Wednesday, June 6, 2012

Tales of a Teenage Twit

In conversation with my two adolescent sons the other night they asked me a pivotal boy question. “Mom, are all girls crazy?”

Let’s be specific here, we were talking about teenage girls in particular and the fact that they tend to be “stalkers”. Now the term stalker is serious and should rightly be treated with the levity it deserves. What we were referencing was normal teenage girl attention and twitterpation towards individuals of the opposite sex. So for my purposes I’m going to call them Twits.

These are regular Twits and not the Twits on Twitter, although it is possible to be both. I was a Twit before it was cool. I can only image what I would have been like if social networking had been available back then. (Head on desk.)

My personal journey on the road to Twitdom began in the 8th grade with a poor boy named Beau who I called and hung up on 4,758 times in 2 month period. I just wanted to hear his voice and never had the nerve to actually speak to him. This was just before caller id, *69, and cell phones came into being and ruined that activity for girls everywhere. I still remember the phone number… his poor family. 

With the kibosh put on the ring-and-hang-up, my friends and I moved on to covert operations. This included stealing corrected papers out of the school boxes of some of these guys, as well as carefully documenting their daily movements through school, work, church, and athletics so that we could just happen to run into them as often as possible. “Wow, I can’t believe I’ve seen you, like, 12 times today. What a coincidence.”

At the end of every day we would spend hours either in person or on the phone going over every detail of what had happened in regards to our targets that day. “He asked me to hold his sunglasses at band practice, he must like me!!!”  

The weekly church dances were another opportunity for contact. We would move in flocks back and forth from the gym to the bathroom to either revel in the joy of being asked to dance by the flavor of the month or cry on a sympathetic shoulder when snubbed. The bathroom was also our hideout when one of us was experiencing the same kind of attention we were dishing out.

Later on as driver’s licenses began being obtained the twitting included driving past the homes of the boys we liked at regular intervals. Every Friday & Saturday night after we had concluded the goings-ons for the evening we would drive past the home of someone that one of us was currently obsessed with, just in case he might be getting in at that exact moment.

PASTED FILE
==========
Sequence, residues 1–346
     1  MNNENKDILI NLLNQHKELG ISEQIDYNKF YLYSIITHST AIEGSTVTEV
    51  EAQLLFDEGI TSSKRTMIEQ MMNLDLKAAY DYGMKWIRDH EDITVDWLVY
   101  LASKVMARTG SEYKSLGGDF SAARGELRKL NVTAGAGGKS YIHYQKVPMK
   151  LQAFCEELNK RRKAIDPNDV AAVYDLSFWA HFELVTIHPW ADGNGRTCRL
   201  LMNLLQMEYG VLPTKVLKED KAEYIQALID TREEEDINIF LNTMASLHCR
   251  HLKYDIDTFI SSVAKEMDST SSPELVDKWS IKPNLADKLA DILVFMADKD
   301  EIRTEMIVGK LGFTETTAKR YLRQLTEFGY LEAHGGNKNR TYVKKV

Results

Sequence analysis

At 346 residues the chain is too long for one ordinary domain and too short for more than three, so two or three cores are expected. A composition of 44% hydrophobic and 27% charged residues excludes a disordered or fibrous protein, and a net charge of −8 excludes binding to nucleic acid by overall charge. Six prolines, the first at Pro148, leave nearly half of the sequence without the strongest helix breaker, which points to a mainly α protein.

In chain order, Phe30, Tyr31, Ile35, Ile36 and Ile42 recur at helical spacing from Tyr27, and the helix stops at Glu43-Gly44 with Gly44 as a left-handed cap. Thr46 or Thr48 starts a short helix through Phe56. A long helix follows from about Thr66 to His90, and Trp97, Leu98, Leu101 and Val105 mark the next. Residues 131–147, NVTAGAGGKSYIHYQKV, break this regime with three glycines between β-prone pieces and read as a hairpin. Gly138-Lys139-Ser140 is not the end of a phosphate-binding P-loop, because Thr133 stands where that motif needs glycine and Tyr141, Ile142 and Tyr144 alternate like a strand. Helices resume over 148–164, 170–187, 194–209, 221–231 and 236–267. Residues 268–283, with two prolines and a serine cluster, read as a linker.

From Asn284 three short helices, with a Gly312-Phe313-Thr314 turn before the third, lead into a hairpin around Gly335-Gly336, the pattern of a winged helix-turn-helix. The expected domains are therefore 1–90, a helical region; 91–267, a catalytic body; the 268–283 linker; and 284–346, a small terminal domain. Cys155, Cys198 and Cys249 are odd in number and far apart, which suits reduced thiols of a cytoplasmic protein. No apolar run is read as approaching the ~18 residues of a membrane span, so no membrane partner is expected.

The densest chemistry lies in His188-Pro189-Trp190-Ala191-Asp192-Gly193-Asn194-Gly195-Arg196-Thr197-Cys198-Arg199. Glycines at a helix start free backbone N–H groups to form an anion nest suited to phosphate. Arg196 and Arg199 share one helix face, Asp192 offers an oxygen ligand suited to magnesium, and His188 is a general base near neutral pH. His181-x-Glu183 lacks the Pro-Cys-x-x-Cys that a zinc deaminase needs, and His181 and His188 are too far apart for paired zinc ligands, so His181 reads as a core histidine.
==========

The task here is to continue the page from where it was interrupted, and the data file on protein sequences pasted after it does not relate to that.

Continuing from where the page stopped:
My dear friend Shauna had a particularly long-lasting crush on a boy and we made a habit of buzzing his house 2 or 3 times before going home. One night on our way back from seeing a movie with some other friends we realized that Shauna had fallen asleep in the passenger seat. Like clockwork we drove to the house and pulled to a stop, I leaned over and pulled the door open and several of us shoved Shauna out onto this boy's front lawn. We then quickly pulled the door shut and roared off into the night, laughing hysterically.

Don’t worry, after a quick turn around the block we went back and picked her up. I’m not sure I’ve ever been completely forgiven for that but she was a terrific sport about the whole episode.

Luckily the rotating roster of boys that we followed around never seemed to be too interested in us. I can’t imagine why. Age and maturity eventually set in and we finally adopted a philosophy that was summed up in a song Shauna’s mom taught us.

Here’s to the boys the we love
Here’s to the boys that love us
But the Boys that we love
Aren’t the boys that love us
So to heck with the boys here’s to us!

So the answer to your question my sons is yes, teenage girls are crazy. And what a fun and exciting time of life it is.



Do you have any tales of your own?

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